On the third paper Chase calls for the constitution to be analyzed more closely because it does not guarantee what the public claims it does. Many people believed and still believe that slavery was protected by the constitution however it was quite “on the contrary, extreme care to exclude those ideas from the Constitution. Neither the word “slave” or “slavery” is to be found in any provision. There is not a single expression which charges the National Government with any responsibility in regard to slavery… and no power was given to congress either to establish or sustain it rather its all left under the jurisdiction of the states”. The government decided to protect itself from any controversy rather than to help fulfill the values the country was established on “We hold these truths to be self-evident, that all men are created equal, that they are endowed by their Creator with certain unalienable Rights, that among these are Life, Liberty and the pursuit of Happiness”- Declaration of Independence. Instead it decided to protect slave owners by promising to return any runaway slaves and allowing every slave to count as three-fifths of a person (yet they couldn’t vote, own property, legally marry…etc all they were allowed to do was work) so Southern states could be more accurately represented politically. Further proof that not only slaves were unprotected by the constitution in “Article 1, section 9 they are not spoken as persons held as property but as persons held to service” which then can be applied to the industrialized working class, they were on the same level as slaves.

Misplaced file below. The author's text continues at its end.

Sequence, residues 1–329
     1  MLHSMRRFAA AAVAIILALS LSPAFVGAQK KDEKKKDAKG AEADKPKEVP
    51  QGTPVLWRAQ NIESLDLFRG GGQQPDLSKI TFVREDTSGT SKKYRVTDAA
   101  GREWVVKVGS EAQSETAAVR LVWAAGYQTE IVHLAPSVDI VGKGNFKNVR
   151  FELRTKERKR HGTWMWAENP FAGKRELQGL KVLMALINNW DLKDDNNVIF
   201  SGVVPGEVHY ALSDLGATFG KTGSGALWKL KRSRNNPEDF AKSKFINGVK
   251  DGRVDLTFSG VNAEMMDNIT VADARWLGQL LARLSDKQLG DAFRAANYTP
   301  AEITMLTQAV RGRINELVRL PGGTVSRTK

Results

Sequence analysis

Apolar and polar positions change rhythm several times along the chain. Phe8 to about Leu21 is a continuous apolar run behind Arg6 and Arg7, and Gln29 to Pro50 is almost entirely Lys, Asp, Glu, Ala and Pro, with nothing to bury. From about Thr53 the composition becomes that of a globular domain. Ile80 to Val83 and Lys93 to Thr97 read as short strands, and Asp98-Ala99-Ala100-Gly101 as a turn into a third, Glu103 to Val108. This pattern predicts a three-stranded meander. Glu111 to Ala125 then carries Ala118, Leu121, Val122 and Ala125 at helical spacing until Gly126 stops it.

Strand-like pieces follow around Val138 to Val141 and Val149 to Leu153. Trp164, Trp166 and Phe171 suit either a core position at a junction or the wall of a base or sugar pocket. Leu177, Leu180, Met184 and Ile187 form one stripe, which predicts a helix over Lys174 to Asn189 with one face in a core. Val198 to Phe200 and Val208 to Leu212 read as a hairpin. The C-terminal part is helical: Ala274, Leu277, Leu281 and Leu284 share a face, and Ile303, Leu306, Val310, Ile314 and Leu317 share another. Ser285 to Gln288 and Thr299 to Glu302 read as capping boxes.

As I briefly mentioned before before slavery had evolved to the point that it even imprisoned white men who were supposed to be politically equal to the wealthy merchants and farmers. Although African slaves were not allowed to earn wages, walk by themselves, and they were beaten their lives had a lot in common with industrial workers. Neither of them could stand up against their masters, they were forced to follow the will of others financially above them, they became machines (what made them human was stripped away because everyday they had to do same job that required little to no thought) and both of them were deprived the opportunity of an education. A reading from one of my classes actually came to mind after reading The Rise Of An Industrial Aristocracy which is Mike LeFevre; Steelworker, by Studs Terkel. In the reading LeFevre shares his feeling towards his job; he felt empty, trapped and lacked any connection to the work he was doing which is exactly what Tocqueville observed when he arrived in America. Also a key piece of evidence that really helps seal the deal is what LeFevre said when he asked how he felt about automation “machines can either liberate a man or enslave ‘im”. This is where the cotton gin by Eli Whitney comes into play, it succeed in doing two things; it made an unprofitable crop a national success and renewed the dependency the south had on slave work. LeFevre was right a machine has the potential to enslaved people (africans to field work and laborers to factories) and the rest of the documents agree that slavery had to definitions before the civil war broke out. These documents could very easily have brought attention to the underlying issues of slavery and they provided evidence that it was no longer an issue that dealt with Africans.